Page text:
Hidden amongst Fleet Street’s winding alleys is this characterful Georgian townhouse, the home of the renowned 18th century critic and writer, Dr Samuel Johnson. The great lexicographer lived here for a period of eleven years (c. 1748-1759), during which time he compiled his masterpiece, A Dictionary of the English Language. A bustling intellectual hub, Dr Johnson’s House resounded with the conversation of the era’s pioneering thinkers, writers, artists and actors. Here, discover some of the stories and curiosities the House has to offer.
Born in Lichfield in 1709, Johnson’s early life was characterised by hardship. As an infant, he contracted the disease scrofula, which nearly left him blind in one eye; he later abandoned his studies at Oxford due to poverty; and his attempts to establish a school with his wife, Elizabeth Porter, quickly ended in failure. In 1737, accompanied by his wife and school pupil, the future theatre star David Garrick, Johnson walked to London to seek his fortune.
When Johnson moved into 17 Gough Square in around 1748, he was an established hack writer. He had written and edited articles for Edward Cave’s Gentleman’s Magazine (the first publication to use the term ‘magazine’), and his other works, such as the satirical poem London (1738), and his biography of the poet Richard Savage (1744), had been well-received. But, it was the publication of his Dictionary of the English Language (1755) that secured his fame.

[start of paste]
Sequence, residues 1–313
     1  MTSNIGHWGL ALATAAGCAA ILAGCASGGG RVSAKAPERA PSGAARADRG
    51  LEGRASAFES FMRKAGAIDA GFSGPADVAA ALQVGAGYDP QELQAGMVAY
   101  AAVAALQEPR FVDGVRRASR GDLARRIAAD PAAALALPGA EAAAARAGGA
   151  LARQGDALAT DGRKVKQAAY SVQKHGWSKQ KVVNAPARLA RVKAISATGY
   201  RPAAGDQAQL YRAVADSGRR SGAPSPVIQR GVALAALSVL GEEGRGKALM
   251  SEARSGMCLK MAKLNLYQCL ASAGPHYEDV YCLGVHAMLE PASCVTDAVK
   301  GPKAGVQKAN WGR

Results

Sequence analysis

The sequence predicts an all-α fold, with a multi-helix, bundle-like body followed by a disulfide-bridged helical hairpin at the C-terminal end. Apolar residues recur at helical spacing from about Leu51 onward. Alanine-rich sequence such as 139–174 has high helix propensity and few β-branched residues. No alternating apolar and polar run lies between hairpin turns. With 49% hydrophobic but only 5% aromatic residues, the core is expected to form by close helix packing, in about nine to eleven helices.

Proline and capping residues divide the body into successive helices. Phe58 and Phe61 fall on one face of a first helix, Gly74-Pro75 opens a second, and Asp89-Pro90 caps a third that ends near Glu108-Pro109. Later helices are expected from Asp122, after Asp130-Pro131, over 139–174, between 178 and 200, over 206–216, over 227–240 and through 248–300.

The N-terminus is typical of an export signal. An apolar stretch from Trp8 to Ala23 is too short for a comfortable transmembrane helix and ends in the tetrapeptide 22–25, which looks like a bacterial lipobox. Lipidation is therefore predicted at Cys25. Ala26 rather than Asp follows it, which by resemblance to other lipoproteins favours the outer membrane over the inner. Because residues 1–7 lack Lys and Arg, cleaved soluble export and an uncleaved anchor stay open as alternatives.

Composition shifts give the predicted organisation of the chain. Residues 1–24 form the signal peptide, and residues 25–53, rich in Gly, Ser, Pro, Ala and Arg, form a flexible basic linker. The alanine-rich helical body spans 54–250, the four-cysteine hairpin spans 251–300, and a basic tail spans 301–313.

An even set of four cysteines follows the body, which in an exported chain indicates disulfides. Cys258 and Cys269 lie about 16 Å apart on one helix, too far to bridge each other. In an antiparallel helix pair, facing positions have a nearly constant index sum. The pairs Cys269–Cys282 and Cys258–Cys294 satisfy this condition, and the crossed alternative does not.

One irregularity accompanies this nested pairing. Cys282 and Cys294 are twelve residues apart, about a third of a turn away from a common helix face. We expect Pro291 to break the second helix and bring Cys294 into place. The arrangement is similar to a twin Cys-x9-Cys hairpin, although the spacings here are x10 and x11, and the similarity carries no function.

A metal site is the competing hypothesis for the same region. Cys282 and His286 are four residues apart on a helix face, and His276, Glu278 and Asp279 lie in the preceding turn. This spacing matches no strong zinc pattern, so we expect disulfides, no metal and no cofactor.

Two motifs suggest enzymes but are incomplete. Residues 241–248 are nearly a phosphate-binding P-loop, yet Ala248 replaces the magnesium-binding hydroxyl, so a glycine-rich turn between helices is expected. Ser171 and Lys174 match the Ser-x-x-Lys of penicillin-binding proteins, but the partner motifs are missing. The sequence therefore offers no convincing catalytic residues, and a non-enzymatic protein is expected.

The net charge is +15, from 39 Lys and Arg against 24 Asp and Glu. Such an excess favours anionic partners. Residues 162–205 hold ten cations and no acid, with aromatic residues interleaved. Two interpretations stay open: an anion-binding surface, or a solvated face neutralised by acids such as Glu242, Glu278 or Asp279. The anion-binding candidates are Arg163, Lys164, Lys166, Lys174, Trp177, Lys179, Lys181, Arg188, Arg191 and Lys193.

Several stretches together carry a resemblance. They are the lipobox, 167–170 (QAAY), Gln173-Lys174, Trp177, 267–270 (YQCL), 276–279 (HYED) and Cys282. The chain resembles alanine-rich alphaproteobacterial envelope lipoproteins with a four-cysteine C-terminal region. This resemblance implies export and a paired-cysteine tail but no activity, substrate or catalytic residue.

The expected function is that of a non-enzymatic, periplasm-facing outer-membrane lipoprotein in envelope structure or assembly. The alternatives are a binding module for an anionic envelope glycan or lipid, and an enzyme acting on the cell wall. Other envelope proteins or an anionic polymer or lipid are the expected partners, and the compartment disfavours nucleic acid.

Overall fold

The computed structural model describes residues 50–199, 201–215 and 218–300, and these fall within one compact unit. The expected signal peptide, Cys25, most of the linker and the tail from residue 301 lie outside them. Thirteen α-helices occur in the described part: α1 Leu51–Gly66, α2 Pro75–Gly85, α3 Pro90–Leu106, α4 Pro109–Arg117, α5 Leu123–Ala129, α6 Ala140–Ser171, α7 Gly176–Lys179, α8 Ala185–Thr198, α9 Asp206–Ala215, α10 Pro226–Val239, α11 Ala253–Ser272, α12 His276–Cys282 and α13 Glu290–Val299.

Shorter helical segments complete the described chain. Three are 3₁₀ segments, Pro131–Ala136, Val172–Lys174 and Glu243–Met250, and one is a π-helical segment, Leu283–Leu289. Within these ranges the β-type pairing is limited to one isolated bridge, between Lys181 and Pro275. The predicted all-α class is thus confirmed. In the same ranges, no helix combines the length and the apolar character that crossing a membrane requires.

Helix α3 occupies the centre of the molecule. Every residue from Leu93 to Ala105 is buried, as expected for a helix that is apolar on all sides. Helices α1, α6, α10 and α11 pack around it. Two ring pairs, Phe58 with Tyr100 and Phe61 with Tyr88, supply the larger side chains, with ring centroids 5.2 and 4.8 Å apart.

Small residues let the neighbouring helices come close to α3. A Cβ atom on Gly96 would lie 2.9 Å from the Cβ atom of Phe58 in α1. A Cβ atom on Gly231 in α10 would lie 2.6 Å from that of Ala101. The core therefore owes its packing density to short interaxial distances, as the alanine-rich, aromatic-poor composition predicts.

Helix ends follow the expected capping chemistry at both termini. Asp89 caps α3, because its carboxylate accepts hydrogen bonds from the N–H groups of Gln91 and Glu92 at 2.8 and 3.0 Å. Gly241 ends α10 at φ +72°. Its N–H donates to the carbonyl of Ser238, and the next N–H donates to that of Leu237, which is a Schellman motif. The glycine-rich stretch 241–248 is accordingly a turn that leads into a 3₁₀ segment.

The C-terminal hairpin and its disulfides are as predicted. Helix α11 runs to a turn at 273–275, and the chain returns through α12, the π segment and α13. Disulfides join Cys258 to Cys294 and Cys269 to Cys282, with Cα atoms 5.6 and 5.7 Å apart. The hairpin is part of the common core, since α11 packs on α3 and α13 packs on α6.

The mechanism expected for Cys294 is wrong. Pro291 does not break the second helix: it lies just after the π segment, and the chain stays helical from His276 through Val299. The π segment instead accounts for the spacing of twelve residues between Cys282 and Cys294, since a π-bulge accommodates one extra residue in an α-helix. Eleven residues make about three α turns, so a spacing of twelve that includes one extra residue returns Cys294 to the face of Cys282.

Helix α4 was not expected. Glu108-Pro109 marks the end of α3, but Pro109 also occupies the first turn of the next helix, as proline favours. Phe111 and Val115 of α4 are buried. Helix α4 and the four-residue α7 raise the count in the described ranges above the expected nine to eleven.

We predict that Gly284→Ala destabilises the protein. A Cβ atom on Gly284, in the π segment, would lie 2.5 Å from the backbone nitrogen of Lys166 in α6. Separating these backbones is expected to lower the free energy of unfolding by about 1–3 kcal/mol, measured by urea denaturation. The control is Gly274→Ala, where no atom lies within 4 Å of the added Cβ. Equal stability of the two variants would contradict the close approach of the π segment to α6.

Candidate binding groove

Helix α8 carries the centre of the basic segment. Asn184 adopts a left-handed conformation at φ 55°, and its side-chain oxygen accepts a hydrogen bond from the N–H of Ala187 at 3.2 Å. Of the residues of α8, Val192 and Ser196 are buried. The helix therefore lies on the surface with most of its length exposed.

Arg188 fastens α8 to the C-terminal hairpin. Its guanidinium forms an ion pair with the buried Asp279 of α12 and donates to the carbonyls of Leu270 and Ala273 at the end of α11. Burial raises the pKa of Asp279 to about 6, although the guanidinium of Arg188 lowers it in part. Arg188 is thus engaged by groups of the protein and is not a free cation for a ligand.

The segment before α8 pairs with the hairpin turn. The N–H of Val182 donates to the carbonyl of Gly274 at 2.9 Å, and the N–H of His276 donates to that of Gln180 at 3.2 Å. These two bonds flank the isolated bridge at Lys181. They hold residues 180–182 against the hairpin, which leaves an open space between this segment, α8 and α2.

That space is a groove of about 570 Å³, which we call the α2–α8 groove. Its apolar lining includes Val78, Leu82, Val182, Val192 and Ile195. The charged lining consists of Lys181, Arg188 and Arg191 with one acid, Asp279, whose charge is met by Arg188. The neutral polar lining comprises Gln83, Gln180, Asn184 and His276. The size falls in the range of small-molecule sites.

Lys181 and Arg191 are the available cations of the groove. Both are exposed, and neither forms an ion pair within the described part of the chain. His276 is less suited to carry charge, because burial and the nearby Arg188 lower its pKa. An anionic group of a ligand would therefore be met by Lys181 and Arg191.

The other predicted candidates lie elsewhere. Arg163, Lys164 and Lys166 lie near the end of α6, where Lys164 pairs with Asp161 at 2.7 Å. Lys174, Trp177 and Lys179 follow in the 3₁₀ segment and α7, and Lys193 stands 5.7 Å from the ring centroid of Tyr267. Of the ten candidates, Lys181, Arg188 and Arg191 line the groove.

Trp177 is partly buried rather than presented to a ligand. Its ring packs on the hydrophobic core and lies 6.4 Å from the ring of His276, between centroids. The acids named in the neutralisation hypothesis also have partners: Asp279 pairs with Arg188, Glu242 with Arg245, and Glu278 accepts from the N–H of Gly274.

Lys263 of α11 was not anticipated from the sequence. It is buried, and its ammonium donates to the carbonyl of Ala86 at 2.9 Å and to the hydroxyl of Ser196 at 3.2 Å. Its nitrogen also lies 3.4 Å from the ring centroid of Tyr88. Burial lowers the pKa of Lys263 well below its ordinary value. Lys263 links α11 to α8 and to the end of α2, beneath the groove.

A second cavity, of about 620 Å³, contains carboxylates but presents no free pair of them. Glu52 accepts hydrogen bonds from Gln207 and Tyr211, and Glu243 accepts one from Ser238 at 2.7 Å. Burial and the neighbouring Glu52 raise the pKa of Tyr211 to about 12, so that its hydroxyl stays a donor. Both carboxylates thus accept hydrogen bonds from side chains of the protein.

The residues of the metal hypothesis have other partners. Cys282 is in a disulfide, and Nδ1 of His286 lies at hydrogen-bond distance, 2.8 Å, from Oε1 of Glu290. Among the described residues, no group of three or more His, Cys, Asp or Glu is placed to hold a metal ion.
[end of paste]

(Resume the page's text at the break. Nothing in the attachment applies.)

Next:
Dr Johnson’s Dictionary of the English Language
In 1746, a group of publishers commissioned Johnson to create a dictionary of the English language. Existing dictionaries were lacking – the lexicographer Nathan Bailey’s bestselling Dictionarium Britannicum (1730) defined the word ‘dog’ as ‘an animal well-known – and Johnson was eager to rectify this. In his opinion, the English language was chaotic and confusing, and needed structure.
For the next nine years, Johnson painstakingly compiled his Dictionary in the House’s Garret. When his masterpiece was published in 1755, it contained 42,773 definitions – all written by Johnson himself – and over 114,000 quotations from English literature, from writers including Milton and Shakespeare.